White House presses FDA chief over COVID-19 vaccine

Top Trump administration officials are turning up the heat on the Food and Drug Administration (FDA) to quickly authorize emergency use of the country’s first coronavirus vaccine.

White House chief of staff Mark Meadows phoned FDA Commissioner Stephen Hahn on Friday and pushed him to clear the Pfizer/BioNtech vaccine by the end of the day, according to an official familiar with the matter.

According to multiple reports, Meadows suggested to Hahn that his job was in jeopardy if the agency did not act. The Washington Post first reported that Meadows told Hahn to submit his resignation if the vaccine doesn’t receive an emergency use authorization by the end of the day.

In a statement to The Hill, Hahn denied that there was any threat to his job, or that Meadows pressured him in any way.

“This is an untrue representation of the phone call with the Chief of Staff. The FDA was encouraged to continue working expeditiously on Pfizer-BioNTech’s EUA [emergency use authorization] request. FDA is committed to issuing this authorization quickly, as we noted in our statement this morning,” Hahn said.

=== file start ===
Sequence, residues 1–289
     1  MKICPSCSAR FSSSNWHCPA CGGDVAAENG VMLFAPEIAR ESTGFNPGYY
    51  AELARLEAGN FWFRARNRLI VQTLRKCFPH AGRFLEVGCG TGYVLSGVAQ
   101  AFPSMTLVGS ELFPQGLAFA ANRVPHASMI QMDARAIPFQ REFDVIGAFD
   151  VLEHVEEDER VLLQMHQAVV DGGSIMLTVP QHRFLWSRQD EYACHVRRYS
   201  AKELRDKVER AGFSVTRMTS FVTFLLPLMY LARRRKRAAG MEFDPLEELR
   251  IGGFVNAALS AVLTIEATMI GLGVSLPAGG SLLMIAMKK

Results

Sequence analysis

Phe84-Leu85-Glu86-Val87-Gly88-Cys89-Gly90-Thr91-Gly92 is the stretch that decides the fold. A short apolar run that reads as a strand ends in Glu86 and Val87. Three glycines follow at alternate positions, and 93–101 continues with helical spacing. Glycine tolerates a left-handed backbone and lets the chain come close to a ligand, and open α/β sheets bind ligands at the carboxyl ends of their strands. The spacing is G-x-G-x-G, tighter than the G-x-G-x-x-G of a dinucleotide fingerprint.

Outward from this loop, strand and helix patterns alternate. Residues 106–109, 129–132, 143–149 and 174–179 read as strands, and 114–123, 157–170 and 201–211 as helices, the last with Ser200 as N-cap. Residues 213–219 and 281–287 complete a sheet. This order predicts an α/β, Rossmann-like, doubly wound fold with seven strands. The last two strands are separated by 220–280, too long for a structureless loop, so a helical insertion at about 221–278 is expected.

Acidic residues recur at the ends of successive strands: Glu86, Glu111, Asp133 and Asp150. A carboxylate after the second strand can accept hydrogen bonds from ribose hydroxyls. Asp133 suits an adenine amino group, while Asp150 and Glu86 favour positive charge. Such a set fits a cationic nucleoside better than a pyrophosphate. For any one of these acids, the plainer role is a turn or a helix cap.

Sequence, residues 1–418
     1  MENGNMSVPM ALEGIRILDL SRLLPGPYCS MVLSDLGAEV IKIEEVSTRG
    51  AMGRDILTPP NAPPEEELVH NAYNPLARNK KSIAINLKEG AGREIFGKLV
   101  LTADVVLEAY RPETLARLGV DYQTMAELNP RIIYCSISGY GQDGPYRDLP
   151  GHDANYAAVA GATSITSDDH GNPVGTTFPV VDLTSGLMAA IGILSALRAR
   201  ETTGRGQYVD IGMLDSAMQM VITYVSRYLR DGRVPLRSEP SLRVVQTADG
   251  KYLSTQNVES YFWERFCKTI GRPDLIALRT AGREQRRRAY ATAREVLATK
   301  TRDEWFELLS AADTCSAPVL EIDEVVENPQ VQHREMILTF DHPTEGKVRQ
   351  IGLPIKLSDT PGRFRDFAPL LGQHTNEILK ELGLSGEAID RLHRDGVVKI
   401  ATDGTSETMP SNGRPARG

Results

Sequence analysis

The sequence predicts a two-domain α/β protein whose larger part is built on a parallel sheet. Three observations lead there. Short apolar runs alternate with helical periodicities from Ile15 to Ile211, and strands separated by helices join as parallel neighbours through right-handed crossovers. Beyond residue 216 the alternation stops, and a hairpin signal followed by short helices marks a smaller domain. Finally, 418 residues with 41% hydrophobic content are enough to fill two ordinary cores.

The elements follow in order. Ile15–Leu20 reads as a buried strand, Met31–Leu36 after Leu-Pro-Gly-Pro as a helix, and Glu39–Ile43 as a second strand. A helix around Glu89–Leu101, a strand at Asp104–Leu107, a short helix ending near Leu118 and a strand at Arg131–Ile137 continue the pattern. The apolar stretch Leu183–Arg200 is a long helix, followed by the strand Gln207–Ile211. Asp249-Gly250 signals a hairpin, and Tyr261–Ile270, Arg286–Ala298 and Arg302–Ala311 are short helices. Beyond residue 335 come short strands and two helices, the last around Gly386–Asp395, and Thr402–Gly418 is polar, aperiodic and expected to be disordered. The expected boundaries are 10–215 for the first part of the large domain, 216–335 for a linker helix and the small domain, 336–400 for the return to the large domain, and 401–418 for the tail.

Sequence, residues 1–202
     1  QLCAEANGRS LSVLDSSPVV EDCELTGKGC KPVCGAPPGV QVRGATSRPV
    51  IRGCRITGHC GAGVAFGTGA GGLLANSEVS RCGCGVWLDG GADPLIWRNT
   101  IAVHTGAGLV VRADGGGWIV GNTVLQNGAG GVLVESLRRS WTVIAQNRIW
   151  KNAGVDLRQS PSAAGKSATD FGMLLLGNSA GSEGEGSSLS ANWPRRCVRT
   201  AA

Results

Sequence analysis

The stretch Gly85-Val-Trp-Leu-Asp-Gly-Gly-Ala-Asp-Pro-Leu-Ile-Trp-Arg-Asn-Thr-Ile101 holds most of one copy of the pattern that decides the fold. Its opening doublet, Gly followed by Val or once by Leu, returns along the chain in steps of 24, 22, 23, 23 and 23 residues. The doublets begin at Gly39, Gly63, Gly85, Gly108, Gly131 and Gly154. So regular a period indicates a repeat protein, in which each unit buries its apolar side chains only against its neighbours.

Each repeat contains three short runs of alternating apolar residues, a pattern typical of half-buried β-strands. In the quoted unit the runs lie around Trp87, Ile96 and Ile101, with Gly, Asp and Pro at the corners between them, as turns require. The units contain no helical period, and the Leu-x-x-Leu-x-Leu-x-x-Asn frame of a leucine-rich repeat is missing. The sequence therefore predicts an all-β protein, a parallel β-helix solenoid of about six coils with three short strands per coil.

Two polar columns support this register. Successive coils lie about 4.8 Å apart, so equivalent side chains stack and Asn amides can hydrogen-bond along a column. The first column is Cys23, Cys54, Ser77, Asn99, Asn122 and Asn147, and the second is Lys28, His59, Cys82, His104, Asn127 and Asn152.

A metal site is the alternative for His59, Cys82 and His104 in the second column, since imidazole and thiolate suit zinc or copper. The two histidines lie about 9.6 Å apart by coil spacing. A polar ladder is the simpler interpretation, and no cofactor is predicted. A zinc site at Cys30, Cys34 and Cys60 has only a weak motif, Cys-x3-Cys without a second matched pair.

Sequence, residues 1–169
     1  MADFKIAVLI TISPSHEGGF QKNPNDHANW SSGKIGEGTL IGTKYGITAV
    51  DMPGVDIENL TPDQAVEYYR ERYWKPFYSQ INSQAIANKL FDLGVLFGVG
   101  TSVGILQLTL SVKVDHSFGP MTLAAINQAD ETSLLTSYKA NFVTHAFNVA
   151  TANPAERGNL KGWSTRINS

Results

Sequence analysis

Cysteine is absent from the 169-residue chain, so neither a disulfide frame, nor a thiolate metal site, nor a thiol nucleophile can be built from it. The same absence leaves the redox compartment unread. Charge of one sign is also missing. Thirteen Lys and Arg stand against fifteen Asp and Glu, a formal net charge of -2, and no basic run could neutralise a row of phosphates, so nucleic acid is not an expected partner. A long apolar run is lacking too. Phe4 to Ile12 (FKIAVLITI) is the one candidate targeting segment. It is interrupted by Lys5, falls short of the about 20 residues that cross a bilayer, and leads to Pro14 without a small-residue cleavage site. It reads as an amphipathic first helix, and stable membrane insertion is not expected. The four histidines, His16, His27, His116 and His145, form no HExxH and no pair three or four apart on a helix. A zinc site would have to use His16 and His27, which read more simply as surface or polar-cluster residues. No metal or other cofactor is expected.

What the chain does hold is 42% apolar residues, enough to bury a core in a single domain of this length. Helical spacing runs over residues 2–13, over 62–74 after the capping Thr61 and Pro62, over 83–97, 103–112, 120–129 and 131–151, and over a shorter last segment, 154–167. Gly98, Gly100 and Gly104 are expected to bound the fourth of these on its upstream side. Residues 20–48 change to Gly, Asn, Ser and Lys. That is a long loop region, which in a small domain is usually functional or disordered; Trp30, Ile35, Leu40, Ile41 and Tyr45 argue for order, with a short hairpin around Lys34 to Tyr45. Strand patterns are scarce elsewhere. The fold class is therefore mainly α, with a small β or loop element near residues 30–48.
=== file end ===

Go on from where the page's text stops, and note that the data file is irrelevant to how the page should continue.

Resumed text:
Past evidence: But the conversation between Hahn and Meadows happened the same day President Trump tweeted his disapproval to Hahn, and called the FDA “a big, old, slow turtle.”

He tagged Hahn in the tweet, telling him to “[g]et the dam [sic] vaccines out NOW.” He added that Hahn should “[s]top playing games and start saving lives!!!”

What’s next: The pressure reportedly led the FDA to accelerate its timetable for clearing America’s first vaccine from Saturday to later Friday. Once FDA gives authorization, a panel from the Centers for Disease Control and Prevention will vote on which groups should and should not get the vaccine, and then it will be able to get injected into people.

The consequence: It’s not clear why Trump and Meadows want to pressure Hahn, and it’s not likely a decision Friday would make any difference in when the first vaccine doses can get delivered. The agency’s process is designed to leave no room for public doubt, especially since a vaccine was developed and submitted for review in record time. The Trump White House decided to inject politics into science, yet again.